1831 days ago
  • WHITECAT19
    Lots of good comments here. My sister started out as a social worker with a BA. She loved it, but they burned her out with low pay and mountains of paper work. Then she moved to another area of interest for her: working in a nature center where she was a naturalist and took care of all the animals and led educational presentations for visitors. She loved that, but, again, low pay. And they always kept her just below full-time, so they did not have to pay a reasonable salary or benefits. Now she is working in a factory so she can get a reasonable paycheck and benefits. This because her husband became disabled and could no longer work and receive benefits.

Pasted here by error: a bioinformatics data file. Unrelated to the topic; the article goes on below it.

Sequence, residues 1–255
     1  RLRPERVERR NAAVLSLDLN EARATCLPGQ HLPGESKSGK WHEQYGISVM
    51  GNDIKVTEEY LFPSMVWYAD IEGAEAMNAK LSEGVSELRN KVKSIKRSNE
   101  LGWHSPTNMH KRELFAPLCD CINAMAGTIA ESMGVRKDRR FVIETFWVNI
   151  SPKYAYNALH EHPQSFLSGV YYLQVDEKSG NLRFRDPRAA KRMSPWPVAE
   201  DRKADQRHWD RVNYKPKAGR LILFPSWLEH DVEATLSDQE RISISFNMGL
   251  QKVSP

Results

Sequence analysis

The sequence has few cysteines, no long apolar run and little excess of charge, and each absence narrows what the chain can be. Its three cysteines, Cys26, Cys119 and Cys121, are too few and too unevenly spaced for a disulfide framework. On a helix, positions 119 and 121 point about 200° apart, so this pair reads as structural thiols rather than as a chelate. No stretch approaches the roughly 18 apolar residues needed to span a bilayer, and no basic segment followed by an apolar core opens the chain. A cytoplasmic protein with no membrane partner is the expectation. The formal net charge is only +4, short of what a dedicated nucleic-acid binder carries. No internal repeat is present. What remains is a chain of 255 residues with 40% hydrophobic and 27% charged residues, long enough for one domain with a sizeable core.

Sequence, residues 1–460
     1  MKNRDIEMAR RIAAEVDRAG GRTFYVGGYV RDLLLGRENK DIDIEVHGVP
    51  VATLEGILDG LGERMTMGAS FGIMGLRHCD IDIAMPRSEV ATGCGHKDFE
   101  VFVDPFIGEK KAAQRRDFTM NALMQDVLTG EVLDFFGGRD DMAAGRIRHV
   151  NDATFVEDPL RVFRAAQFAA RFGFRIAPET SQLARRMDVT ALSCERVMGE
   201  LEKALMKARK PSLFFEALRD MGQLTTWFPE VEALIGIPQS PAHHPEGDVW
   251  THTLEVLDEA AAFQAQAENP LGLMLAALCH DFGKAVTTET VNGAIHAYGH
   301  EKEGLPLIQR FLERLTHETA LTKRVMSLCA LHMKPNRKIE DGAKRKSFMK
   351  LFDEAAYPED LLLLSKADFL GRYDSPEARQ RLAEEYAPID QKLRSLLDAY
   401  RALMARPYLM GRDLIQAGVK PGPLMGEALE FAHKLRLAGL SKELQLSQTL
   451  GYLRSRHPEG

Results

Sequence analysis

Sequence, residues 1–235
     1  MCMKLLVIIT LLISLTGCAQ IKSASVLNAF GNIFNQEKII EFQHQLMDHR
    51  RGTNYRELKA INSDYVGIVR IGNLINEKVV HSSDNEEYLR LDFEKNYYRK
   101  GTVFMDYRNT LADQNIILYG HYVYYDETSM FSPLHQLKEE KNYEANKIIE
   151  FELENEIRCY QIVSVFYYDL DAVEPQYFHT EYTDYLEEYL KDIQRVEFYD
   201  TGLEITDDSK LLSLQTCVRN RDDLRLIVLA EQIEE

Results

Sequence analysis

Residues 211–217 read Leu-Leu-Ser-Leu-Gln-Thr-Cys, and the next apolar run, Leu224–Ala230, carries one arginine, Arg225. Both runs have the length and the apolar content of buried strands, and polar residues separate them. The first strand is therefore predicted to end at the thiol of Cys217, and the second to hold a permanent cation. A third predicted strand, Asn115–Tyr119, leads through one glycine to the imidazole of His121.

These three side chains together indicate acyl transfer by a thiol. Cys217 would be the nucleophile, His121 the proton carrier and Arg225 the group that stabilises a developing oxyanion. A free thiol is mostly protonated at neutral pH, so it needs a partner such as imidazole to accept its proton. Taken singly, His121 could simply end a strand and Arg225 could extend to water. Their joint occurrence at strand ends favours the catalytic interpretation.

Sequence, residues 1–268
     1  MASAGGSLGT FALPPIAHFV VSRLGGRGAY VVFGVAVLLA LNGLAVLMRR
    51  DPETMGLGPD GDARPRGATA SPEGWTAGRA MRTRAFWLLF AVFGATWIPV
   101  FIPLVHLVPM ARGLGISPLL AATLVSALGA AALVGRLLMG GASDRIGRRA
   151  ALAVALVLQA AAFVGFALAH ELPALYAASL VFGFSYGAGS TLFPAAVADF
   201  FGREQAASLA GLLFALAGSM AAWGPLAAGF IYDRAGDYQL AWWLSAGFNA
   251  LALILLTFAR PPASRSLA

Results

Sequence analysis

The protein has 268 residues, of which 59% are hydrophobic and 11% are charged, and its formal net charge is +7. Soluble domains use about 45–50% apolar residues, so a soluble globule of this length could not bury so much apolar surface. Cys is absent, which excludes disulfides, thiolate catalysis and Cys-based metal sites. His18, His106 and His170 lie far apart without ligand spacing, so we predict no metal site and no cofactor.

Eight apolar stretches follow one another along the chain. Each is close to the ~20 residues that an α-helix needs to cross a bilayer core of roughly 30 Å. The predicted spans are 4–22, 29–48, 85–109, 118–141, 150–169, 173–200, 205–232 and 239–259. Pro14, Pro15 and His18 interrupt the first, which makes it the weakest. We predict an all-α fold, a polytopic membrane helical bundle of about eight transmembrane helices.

I agree that if you have the option to stay with something you love, you should try to do so. But sometimes that is no longer possible. Sometimes you have to do what you have to do. Do you have a close friend or family member you can talk this out with? This is not a decision to make quickly. Also, if you have a higher-paying job, perhaps you can get another degree more slowly by taking a class or two each semester without piling up a lot of student debt. I think you are quite a bit younger than my sister, so that might be an option.

    I pray for you and your husband every day. God bless you!

    emoticon emoticon
    1831 days ago
  • GRANDMAKARENG
    As a retired social worker, I understand. You are in it to help people not for the money. It can be a very exhausting job, especially when it depends upon government. Higher ups don't always understand the work demands, either.
    1831 days ago
  • KAREN608